You can also start an aloe vera plant from a cut leaf. Simply cut a leaf off of a mature plant, at least 3 inches long, and allow it to rest in a dry and warm location for several days to let it form a callus.
Once the callus forms, dip the cut end in rooting hormone and bury halfway in soil. Water regularly so the soil stays moist, being careful not to overwater, and in a few weeks, the leaf should grow roots.
To use, simply cut a leaf from a mature plant, squeeze out the gel, and smooth over skin.
Raw Apple Cider Vinegar
Traditional uses of ACV are vast. To name just a few, it has been used to ease digestion, aid in flu prevention, reduce inflammation, regulate pH balance, alleviate allergy symptoms, ease nausea and heartburn, as a staple in detox regimens, and for a number of skin conditions, including reducing acne, easing eczema and smoothing wrinkles.
Raw apple cider vinegar contains potent antifungal, antibacterial and antiviral properties, which help to make it so effective for so many conditions including eczema and thrush.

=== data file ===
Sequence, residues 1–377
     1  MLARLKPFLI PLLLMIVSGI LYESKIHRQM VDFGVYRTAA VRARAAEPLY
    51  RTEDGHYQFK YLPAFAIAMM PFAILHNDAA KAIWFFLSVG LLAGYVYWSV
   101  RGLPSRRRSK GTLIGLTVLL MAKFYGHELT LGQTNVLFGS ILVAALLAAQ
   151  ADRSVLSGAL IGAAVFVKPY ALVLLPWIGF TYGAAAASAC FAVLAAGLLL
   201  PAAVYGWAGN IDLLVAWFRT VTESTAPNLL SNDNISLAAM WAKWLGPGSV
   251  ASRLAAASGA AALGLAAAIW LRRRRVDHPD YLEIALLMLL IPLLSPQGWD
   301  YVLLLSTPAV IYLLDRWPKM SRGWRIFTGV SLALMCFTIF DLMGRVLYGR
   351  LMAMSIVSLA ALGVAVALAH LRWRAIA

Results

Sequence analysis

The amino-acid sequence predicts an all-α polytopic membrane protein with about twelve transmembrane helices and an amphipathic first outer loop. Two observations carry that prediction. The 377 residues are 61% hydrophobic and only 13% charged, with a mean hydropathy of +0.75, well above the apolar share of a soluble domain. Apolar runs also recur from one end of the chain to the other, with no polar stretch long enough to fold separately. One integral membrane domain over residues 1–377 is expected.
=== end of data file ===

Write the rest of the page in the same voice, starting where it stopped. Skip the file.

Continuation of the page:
Relieve itching and irritation by mixing 1 cup of ACV in 5 cups of filtered water. Wash the affected areas with a clean cloth dipped in the mixture. This will help reduce swelling and will also help keep the infection from spreading.
A word of caution: Not all apple cider vinegar is created the same. Truly, the clear vinegar is of superior quality, right? It just looks better. Kind of like how the apple treated with synthetic chemicals and free of any bruises looks better than the organic apple that just fell from the tree and suffered a few bumps in the fall.
However, the truth is that the cloudy vinegar is, like the apple that fell from the tree, truly the best. The cloudy, somewhat nasty-looking vinegar actually contains beneficial living properties that lend to its therapeutic value.
The natural fermentation of ACV has been done for hundreds, if not thousands, of years by numerous cultures. Crushed raw apples are placed in large wooden barrels and allowed to ferment naturally over time.
The resulting liquid is neither clear nor “perfect” looking. In fact, natural ACV should be brownish in color and contain what is known as the “mother.” This is the first thing you should look for when choosing quality apple cider vinegar.
-The Alternative Daily